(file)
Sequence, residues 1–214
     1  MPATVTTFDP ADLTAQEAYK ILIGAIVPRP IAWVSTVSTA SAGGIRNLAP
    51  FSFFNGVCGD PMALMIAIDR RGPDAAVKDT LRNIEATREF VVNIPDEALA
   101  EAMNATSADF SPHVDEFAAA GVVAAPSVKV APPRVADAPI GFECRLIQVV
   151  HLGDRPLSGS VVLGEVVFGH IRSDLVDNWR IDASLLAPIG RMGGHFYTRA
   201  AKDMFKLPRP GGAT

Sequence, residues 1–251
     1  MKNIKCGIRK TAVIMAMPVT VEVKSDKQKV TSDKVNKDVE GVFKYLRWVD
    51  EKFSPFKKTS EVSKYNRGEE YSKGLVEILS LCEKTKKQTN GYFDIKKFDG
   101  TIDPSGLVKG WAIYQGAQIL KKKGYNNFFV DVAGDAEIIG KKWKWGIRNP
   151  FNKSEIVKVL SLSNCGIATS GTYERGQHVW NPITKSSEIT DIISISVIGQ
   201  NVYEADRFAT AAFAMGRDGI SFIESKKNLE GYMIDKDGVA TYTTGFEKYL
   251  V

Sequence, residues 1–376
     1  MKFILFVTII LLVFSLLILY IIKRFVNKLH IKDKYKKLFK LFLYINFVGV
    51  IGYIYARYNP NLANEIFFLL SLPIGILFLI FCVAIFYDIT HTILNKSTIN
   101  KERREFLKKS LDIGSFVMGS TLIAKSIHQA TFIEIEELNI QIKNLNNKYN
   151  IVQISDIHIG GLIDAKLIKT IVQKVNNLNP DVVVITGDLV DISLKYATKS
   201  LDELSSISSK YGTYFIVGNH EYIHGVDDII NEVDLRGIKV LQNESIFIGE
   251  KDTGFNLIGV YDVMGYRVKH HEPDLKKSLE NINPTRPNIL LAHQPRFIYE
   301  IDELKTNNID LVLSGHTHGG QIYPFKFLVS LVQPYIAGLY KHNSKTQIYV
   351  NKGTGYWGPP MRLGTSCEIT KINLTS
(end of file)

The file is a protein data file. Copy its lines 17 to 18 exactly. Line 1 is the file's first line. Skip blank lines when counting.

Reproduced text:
   101  KERREFLKKS LDIGSFVMGS TLIAKSIHQA TFIEIEELNI QIKNLNNKYN
   151  IVQISDIHIG GLIDAKLIKT IVQKVNNLNP DVVVITGDLV DISLKYATKS